Why Is the Testimony of Two Women Required in Place of One Man?
Name of Questioner: Cora
Date: 6-6-2019 06:17:19 PM
Why is the testimony of two women required in place of one man?
Thank you for your question.
What is meant by testimony is: giving information by which something is known to be true and correct. With regard to the witness of two women being equal to the testimony of one man, it is not always the case; and the Qur'anic verse that specifies this is related only to financial dealings, where two men are preferred and the alternative is one man and two women.
Financial transactions constitute the sole case in which two female witnesses are required in place of one male witness. It is in view of the fact that financial responsibility is usually shouldered by men so they are expected to be better versed in financial transactions than women.
It also takes into account the generally more emotional nature of women, as well as the roles of men and women in society as envisaged by Islam. This does not reflect inferiority on the woman's part. Some women surpass many men in various aspects, including religious commitment, reasoning and memory.
They may be able to give proper testimony better than that of a man regarding the issues about which they have knowledge and insight. They can even become references regarding those matters, as did some women at the time of the Prophet.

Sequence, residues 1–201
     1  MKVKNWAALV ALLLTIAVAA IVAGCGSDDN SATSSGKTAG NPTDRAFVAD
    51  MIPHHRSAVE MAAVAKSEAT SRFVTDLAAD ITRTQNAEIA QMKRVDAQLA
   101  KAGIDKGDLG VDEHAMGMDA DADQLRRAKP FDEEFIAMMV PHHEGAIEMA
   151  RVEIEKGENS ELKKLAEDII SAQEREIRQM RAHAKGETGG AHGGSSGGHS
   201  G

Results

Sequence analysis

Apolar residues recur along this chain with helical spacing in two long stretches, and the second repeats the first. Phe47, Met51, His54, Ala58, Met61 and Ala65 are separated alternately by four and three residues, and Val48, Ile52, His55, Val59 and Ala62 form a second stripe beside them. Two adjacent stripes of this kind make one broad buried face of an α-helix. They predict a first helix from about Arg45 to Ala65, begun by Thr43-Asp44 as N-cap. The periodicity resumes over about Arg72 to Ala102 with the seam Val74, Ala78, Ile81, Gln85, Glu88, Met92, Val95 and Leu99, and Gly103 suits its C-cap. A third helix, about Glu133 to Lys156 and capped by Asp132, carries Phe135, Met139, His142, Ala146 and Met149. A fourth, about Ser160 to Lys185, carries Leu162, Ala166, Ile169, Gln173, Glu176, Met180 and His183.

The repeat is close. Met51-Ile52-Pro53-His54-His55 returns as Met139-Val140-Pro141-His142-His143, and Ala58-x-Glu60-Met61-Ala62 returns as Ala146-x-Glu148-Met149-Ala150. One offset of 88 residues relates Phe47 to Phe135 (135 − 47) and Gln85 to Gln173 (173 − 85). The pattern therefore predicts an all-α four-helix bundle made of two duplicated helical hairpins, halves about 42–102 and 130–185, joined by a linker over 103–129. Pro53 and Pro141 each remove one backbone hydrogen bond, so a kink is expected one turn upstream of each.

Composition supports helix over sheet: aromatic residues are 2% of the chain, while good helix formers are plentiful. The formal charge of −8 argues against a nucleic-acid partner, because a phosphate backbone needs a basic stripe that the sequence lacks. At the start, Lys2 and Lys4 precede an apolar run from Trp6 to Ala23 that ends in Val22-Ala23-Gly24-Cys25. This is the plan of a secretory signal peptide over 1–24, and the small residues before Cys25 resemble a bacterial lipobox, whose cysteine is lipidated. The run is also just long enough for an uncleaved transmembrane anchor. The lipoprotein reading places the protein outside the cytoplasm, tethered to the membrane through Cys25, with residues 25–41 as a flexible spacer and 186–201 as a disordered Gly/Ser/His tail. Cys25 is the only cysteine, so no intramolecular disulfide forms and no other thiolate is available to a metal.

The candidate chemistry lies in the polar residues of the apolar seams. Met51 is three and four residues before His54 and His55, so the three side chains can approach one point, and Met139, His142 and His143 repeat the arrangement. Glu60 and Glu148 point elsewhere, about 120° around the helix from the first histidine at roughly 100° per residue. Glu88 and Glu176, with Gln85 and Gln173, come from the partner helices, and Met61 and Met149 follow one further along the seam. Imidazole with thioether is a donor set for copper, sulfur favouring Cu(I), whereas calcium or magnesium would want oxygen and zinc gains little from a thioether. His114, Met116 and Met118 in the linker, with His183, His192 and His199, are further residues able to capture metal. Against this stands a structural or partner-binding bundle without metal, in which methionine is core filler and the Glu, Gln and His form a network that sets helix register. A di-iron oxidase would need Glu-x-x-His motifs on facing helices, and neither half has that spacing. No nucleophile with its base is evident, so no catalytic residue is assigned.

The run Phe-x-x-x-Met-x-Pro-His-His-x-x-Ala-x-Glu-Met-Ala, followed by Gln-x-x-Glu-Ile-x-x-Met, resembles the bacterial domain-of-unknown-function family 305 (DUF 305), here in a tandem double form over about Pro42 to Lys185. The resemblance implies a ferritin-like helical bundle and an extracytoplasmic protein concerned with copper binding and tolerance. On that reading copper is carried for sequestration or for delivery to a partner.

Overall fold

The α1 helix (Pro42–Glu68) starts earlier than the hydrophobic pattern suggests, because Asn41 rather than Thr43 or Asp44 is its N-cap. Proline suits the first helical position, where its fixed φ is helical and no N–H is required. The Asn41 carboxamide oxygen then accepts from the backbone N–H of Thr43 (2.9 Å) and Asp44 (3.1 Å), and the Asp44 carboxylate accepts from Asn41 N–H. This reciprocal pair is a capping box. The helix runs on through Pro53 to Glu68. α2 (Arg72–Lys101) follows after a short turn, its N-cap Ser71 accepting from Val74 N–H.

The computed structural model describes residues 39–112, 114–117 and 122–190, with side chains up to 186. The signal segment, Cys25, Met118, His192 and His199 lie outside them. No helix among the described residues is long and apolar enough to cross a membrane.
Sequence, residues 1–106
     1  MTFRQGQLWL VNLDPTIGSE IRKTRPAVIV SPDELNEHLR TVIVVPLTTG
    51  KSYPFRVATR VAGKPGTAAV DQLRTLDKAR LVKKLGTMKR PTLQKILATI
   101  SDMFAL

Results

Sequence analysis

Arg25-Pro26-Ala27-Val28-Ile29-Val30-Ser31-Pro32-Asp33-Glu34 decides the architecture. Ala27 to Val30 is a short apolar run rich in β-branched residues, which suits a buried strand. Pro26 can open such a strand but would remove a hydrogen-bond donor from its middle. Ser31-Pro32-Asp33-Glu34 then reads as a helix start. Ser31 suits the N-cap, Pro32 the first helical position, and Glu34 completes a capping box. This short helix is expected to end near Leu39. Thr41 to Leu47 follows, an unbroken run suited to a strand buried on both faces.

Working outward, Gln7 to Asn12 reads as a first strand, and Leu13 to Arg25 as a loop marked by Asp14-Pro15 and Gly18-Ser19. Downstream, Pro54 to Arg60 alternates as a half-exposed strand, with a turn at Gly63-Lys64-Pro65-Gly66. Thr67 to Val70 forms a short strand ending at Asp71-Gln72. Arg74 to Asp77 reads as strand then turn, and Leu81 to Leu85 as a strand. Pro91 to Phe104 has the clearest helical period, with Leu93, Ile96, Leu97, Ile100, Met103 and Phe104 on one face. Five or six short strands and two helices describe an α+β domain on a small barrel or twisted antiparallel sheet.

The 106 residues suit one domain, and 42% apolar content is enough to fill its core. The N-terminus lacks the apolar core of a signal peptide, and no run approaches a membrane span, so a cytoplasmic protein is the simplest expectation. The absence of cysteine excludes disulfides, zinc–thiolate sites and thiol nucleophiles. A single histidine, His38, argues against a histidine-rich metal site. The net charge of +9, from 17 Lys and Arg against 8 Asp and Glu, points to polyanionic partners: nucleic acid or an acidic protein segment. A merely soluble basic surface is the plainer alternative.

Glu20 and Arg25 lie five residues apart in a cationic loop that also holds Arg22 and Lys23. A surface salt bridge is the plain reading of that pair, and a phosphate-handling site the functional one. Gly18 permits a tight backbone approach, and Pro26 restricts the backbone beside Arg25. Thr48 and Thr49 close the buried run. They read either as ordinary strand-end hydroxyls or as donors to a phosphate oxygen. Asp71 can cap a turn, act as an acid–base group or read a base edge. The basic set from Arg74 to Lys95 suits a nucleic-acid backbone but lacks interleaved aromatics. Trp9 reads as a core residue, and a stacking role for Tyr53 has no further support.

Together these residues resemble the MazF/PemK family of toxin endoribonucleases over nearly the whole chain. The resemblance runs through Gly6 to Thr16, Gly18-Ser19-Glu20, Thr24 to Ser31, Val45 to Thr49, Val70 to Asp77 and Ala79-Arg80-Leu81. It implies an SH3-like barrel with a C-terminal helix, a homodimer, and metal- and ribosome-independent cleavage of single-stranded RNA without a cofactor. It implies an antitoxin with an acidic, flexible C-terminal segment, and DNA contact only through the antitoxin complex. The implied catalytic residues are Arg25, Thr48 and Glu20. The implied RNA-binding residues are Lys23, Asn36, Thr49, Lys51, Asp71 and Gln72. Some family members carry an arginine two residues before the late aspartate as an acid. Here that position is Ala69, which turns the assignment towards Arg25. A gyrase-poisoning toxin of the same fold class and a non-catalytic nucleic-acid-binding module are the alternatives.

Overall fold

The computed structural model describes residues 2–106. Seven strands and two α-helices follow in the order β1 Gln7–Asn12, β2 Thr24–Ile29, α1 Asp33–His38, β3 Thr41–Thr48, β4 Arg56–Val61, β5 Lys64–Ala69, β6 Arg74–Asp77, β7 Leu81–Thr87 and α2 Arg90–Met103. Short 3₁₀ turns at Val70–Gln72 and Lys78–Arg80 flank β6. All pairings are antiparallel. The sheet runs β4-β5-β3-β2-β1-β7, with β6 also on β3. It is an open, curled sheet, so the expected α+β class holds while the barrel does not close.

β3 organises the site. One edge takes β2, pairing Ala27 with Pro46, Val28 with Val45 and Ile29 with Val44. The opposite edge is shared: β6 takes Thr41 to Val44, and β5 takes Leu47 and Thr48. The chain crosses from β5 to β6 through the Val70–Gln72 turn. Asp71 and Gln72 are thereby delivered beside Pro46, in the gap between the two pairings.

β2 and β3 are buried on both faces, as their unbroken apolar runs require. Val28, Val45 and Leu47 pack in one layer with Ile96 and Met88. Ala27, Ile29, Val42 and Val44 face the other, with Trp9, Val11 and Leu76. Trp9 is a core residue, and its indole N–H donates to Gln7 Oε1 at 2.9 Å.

A judge may accept the testimony of any person of exceptional qualifications. Two female witnesses are not always considered equal to one male witness. There are other verses in the Quran which speak about witnesses without specifying male or female.
In those cases, a female witness is equivalent to a male witness. It is well known that Aishah, the Prophet's wife, related no less than 2,220 narrations which are considered authentic only on her solitary evidence.
Other women have also been recognized as reliable narrators of prophetic traditions. This is sufficient proof that the witness of one women can be accepted.
In fact, female witnesses are preferred in certain cases. There are incidents which require only female witnesses and the testimony of a male is not accepted. Issues pertaining to women alone, such as childbirth or menstruation as related to divorce disputes and private matters where no men were present, obviously necessitate the witness of a woman.
We hope this answers your questions.
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Source: This answer is based on the book of Clear Your Doubts about Islam by Sahih International.